Luckily, measuring social impact seems more difficult than it really is. There are 5 ways, as presented in a SitePodium webinar recently, with which you can measure and understand the impact your efforts have on the social value in your project’s community.
- Do community surveys to gather information about the well-being, quality of life, and satisfaction of the local residents during the project.
- Hold stakeholder meetings, online or in person, where you encourage open dialogue and listen to the opinions, concerns and also ideas of the community members.
- Conduct on-site observations and measure factors such as noise levels, air quality, accessibility, and the social changes within the community.
- Inform local residents of periods of high-impact work and allow them to come to you with concerns. You can organise a live-stream of the work, so they can see what is going on, and show the results afterwards.
- Set up community engagement metrics with measurable goals so you can track progress. SitePodium is a perfect centralised platform to do this with as you can raise polls, measure results and collect data.
Go one step further: leave a stronger community behind
It is one thing to make sure that the social impact of your construction project does not influence the current wellbeing of the community members. It is another to make a social impact which builds a stronger community and which safeguards the wellbeing of its current and future generations.
Because that is what social value is in the end: it is all the things that matter to communities and/or society. By giving something back for being part of the community for a certain amount of time, you create an impact that lasts.
Improve the environment with greenery or durable solutions like solar panels. Create a running track through the area or a square with community fitness equipment. Involve local artists by incorporating their work into a wall or the pavement. These will all be there long after you moved on.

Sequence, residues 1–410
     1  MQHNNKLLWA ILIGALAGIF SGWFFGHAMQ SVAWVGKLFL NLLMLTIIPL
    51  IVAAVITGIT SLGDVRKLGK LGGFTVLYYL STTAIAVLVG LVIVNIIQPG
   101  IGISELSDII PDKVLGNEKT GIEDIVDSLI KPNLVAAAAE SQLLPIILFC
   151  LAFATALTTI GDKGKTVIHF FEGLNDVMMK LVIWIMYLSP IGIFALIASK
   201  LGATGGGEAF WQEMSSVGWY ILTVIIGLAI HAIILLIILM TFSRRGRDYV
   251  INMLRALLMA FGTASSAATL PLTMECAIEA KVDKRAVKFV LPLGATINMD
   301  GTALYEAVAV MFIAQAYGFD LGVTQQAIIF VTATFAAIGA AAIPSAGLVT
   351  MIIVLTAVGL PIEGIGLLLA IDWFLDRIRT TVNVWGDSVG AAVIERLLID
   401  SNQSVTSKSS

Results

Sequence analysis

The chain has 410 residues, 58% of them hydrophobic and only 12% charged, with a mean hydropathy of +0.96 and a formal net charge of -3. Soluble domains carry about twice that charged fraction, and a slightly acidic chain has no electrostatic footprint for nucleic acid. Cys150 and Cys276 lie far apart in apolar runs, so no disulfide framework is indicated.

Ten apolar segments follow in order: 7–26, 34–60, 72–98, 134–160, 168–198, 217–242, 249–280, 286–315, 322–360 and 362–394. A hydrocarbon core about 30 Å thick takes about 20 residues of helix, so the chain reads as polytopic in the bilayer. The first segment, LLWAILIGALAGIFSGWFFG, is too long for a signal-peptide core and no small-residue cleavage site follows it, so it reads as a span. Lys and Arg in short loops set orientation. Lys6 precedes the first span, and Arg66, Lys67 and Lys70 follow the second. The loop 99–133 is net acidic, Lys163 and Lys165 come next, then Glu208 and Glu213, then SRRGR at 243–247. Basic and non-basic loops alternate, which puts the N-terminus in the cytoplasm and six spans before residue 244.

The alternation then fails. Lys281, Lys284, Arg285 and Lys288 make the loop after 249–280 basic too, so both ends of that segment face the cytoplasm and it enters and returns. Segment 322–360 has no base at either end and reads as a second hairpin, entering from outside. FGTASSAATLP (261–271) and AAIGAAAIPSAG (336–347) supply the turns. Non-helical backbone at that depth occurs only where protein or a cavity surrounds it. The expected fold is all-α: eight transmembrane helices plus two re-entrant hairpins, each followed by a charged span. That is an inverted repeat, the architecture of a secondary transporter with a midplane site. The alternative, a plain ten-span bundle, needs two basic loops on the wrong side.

What is in it for you?
You are doing all this work for the community around you, to help them have a better future and quality-of-life. But what is in it for you? Do not underestimate the power of social value for your construction company itself, as demonstrated in these three examples.
- By focusing on social value and showing the data that proves that you made a difference, you set yourself apart from your competitors. Clients will sooner choose a construction company which puts social value on a pedestal and has the figures to prove its results.
- The morale of the staff will go up when you show your good intentions and your eagerness to do the right thing. They will want to work for a company which makes a social impact and will be proud of that.
- Social value might not be a constant, but when done right it has a lasting impact on the community around the building project. This is demonstrated by the tangible gifts that you leave behind, but also by stories and narratives from the people who experienced it.
Be ahead of your competitors with SitePodium
SitePodium is the only platform you need for carrying out and measuring your social value efforts around your construction project. It encourages two-way conversations between communities and construction firms, and it gives you the tools to make the results visible.
Several firms in the UK already promote SitePodium as part of their sales pitch and as a compulsory tool for their community engagement officers.
Are you interested to hear what SitePodium can do for your project, staff morale and social impact? Book a demo or download our brochure. You can also just contact us to start the conversation. We will proudly show you all the potential SitePodium has to offer all considerate construction firms.